STOP SLAVE [thread_types] [channel_option] thread_types: [thread_type [, thread_type] ... ] thread_type: IO_THREAD | SQL_THREAD channel_option: FOR CHANNEL channel
Stops the slave threads.
SLAVE requires the
SUPER privilege. Recommended best
practice is to execute
STOP SLAVE on the
slave before stopping the slave server (see
Section 5.1.17, “The Server Shutdown Process”, for more information).
When using the row-based logging format:
You should execute
STOP SLAVE or
STOP SLAVE SQL_THREAD on the slave prior to
shutting down the slave server if you are replicating any tables
that use a nontransactional storage engine (see the
Note later in this section).
START SLAVE, this statement
may be used with the
SQL_THREAD options to name the thread or
threads to be stopped.
STOP SLAVE causes an implicit commit of an
ongoing transaction. See Section 13.3.3, “Statements That Cause an Implicit Commit”.
gtid_next must be set to
AUTOMATIC before issuing this statement.
You can control how long
STOP SLAVE waits
before timing out by setting the
variable. This can be used to avoid deadlocks between
STOP SLAVE and other slave SQL statements
using different client connections to the slave. When the
timeout value is reached, the issuing client returns an error
message and stops waiting, but the
instruction remains in effect. Once the slave threads are no
longer busy, the
STOP SLAVE statement is
executed and the slave stops.
CHANGE MASTER TO statements are allowed
while the slave is running, depending on the states of the slave
SQL and I/O threads. However, using
SLAVE prior to executing
TO in such cases is still supported. See
Section 18.104.22.168, “CHANGE MASTER TO Syntax”, and
Section 17.3.8, “Switching Masters During Failover”, for more
clause enables you
to name which replication channel the statement applies to.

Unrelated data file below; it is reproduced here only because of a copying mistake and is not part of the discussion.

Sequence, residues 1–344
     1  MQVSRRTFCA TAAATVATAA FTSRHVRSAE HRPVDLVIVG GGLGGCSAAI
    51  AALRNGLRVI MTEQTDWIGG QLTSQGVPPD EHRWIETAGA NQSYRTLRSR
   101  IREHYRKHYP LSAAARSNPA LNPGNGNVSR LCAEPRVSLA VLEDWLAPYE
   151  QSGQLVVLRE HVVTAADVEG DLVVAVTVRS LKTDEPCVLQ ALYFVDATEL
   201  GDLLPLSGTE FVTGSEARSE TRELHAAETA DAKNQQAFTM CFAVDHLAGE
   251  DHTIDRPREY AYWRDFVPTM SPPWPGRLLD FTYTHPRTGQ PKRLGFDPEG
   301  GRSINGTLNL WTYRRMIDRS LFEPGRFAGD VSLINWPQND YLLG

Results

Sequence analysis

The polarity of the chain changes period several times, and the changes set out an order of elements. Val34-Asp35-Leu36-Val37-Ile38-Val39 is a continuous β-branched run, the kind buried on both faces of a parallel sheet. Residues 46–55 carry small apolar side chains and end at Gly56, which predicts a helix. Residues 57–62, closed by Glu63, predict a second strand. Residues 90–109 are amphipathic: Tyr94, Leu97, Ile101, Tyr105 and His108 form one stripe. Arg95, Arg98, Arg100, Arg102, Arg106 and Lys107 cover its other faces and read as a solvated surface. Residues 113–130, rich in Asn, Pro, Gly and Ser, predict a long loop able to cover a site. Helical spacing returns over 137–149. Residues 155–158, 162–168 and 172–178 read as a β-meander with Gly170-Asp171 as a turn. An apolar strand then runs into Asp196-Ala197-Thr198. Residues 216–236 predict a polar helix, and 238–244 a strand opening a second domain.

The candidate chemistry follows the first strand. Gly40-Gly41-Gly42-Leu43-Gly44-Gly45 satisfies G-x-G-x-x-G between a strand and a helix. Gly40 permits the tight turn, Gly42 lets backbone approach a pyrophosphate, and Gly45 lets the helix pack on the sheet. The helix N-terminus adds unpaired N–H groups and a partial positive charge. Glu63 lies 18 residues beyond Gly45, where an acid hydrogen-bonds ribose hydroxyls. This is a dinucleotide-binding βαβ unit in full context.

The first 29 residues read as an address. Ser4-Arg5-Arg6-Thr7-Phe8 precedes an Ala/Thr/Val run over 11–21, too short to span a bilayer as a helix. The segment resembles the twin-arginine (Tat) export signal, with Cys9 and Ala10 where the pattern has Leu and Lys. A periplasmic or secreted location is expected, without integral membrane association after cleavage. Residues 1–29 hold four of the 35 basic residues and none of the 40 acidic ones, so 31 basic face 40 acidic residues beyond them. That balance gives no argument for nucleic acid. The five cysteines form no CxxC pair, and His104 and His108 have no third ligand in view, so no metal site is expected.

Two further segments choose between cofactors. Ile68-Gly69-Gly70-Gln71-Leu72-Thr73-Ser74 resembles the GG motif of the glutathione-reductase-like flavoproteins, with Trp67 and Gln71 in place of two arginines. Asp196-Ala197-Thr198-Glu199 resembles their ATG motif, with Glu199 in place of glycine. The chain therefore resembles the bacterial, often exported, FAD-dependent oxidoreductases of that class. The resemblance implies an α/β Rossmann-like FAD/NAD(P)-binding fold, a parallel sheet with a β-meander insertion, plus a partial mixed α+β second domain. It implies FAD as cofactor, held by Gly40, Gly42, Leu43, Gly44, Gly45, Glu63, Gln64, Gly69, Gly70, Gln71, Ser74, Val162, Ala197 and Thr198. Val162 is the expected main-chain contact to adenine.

clause applies the
STOP SLAVE statement to a specific
replication channel. If no channel is named and no extra
channels exist, the statement applies to the default channel. If
STOP SLAVE statement does not name a
channel when using multiple channels, this statement stops the
specified threads for all channels. This statement cannot be
used with the
channel. See Section 17.2.3, “Replication Channels” for more
When using statement-based replication:
changing the master while it has open temporary tables is
potentially unsafe. This is one of the reasons why
statement-based replication of temporary tables is not
recommended. You can find out whether there are any temporary
tables on the slave by checking the value of
using statement-based replication, this value should be 0 before
CHANGE MASTER TO. If there are any
temporary tables open on the slave, issuing a
MASTER TO statement after issuing a
SLAVE causes an
When using a multithreaded slave
slave_parallel_workers is a
nonzero value), any gaps in the sequence of transactions
executed from the relay log are closed as part of stopping the
worker threads. If the slave is stopped unexpectedly (for
example due to an error in a worker thread, or another thread
KILL) while a
STOP SLAVE statement is
executing, the sequence of executed transactions from the relay
log may become inconsistent. See
Section 22.214.171.124, “Replication and Transaction Inconsistencies”
for more information.
If the current replication event group has modified one or more
nontransactional tables, STOP SLAVE waits for up to 60 seconds
for the event group to complete, unless you issue a
KILL QUERY or
statement for the slave SQL thread. If the event group remains
incomplete after the timeout, an error message is logged.